Wing-Driven Thing: Hooters gets a menu makeover, but some things never change

Jul 18, 2013 at 4:00 am
Hooters' original wings are battered, deep-fried and tossed in Buffalo sauce.
Hooters' original wings are battered, deep-fried and tossed in Buffalo sauce. Madelaine Azar

Late last summer the top brass at Hooters of America announced that the 30-year-old chain of beach-themed restaurants would undergo a makeover. They wanted one thing: women. Not as employees, but as customers.

The "breastaurant" segment — so named for the practitioners' penchant for hiring only comely female servers and dressing them in revealing uniforms — is much more crowded than it was ten years ago. Although Hooters and its "delightfully tacky" '80s-cheerleader theme is still the big dog in the fight with 430 locations worldwide, it has ceded ground to newer, growing chains with even teensier outfits, like Tilted Kilt and Twin Peaks. Executives at Atlanta-based Hooters decided it was time to re-feather their nests with an eye on attracting a younger and increasingly female clientele. The company's leadership announced plans to replace frozen food with fresh ingredients and remodel twenty locations per year. A modernized prototype Hooters opened in Slidell, Louisiana, earlier this summer with redesigned banquettes, brick walls instead of wood paneling and an emphasis on natural light and an open floor plan.

The Kiener Plaza location in downtown St. Louis, which opened in 2006, hasn't seen any changes to its décor just yet. Crowd approval from Busch Stadium is audible from beneath the iconic orange Hooters awnings and through the glass double doors. The dining room walls are still wood paneled and decorated with cheeky signage and neon lights. A placard that says "John J. Crapper" leads the way to the restrooms. But a revised menu is off to a flying start.

On the first of my pair of visits to Hooters, three waitresses — dressed in the trademark Hooters white tank, orange shorts, flesh-hued pantyhose and chunky white sneakers — immediately ceased the conversation they were having and seated our party. It took less than a minute for a server to come by to take drink orders.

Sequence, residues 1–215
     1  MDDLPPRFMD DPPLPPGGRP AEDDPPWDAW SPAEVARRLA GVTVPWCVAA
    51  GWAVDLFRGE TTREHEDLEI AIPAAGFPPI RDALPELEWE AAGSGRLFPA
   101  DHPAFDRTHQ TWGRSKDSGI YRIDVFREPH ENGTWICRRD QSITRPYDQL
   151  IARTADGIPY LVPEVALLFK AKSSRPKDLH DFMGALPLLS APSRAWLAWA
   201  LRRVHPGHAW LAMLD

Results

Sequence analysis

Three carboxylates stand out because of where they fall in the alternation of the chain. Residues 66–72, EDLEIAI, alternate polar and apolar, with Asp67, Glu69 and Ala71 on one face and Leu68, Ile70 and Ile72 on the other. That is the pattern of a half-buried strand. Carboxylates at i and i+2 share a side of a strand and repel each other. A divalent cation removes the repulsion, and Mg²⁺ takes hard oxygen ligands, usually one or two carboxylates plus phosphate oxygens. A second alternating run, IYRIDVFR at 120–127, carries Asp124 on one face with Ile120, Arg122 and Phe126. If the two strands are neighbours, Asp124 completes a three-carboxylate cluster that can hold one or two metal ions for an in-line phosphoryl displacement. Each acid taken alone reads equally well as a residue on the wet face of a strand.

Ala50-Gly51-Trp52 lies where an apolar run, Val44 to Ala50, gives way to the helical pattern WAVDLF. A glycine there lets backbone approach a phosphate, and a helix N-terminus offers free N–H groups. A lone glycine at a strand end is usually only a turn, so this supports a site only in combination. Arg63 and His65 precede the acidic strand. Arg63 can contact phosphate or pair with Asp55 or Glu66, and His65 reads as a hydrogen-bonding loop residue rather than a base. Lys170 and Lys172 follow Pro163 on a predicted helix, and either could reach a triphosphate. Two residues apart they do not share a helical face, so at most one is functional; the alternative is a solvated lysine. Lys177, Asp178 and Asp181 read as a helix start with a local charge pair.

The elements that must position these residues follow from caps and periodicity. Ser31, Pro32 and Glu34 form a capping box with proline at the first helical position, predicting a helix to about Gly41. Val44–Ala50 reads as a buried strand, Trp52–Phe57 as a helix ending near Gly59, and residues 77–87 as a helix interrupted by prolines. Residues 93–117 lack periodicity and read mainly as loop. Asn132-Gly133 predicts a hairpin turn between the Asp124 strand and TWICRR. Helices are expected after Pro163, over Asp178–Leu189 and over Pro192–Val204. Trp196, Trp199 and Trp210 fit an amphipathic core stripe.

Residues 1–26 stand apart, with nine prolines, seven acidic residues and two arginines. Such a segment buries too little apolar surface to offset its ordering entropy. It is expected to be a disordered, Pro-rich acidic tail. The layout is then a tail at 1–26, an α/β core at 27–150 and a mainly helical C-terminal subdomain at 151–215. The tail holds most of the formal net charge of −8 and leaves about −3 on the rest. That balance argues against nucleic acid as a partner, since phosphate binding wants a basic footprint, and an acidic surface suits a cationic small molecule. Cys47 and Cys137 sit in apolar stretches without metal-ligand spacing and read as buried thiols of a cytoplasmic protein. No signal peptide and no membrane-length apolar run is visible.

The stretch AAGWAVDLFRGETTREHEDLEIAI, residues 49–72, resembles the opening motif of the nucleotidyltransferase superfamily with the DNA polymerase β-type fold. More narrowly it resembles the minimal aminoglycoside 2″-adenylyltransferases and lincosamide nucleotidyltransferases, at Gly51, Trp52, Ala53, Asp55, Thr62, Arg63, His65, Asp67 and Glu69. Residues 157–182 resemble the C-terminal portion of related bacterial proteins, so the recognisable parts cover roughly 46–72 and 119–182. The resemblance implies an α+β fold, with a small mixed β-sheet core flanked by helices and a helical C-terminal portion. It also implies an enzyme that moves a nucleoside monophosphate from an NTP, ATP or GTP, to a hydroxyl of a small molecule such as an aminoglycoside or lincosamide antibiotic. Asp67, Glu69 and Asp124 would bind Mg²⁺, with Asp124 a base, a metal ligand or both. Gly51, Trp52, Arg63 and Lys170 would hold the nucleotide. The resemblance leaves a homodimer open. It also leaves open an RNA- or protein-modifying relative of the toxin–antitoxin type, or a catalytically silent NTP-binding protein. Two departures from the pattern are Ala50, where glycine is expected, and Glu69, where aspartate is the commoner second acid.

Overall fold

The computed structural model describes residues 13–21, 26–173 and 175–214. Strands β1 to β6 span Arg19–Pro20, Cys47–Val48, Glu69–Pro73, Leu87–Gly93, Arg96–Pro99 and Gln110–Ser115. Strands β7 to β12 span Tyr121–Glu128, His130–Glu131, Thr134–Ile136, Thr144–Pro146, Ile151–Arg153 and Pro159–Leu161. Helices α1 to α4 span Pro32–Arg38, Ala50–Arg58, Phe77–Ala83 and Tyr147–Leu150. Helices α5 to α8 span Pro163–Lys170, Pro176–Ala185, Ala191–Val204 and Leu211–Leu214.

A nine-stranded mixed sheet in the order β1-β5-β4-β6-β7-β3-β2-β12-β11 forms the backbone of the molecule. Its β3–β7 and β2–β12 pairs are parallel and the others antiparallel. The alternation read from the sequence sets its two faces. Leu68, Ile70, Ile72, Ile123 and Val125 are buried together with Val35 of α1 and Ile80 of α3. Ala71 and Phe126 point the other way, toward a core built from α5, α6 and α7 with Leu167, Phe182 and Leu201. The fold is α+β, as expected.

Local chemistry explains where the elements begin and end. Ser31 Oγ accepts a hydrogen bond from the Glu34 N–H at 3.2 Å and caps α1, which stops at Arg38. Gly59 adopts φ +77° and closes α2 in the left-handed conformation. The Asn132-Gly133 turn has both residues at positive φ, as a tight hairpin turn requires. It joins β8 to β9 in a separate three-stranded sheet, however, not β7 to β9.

Glancing up from the somewhat sticky menu, there's nowhere for the LCD-weary eye to rest. On my first visit, the flat-screens played the Cardinals game (which was unfolding in the flesh mere blocks away) to a predominantly older, male crowd, though there was at least one family and a smattering of couples.

We began in the only place that made sense: with the traditional Hooters wings — ten pieces, battered, deep-fried and tossed in Buffalo sauce. They arrived, glistening, faster than our waitress took to get us our plastic plates and wet naps. They were crisp, messy and left a pleasant burning sensation on the lips. On a second visit we ventured into the fifteen other wing flavors. The "Samurai" sauce was less successful than the Buffalo, tasting of soy sauce and little else, while chipotle-honey was sweet and mildly spicy. Most baffling were the "boneless wings," which we ordered with the lemon pepper rub. Boneless wings are often just another name for chicken fingers tossed in sauce, but what arrived were odd little eraser-size nubs, almost like popcorn chicken, bearing little resemblance to their bone-in namesake.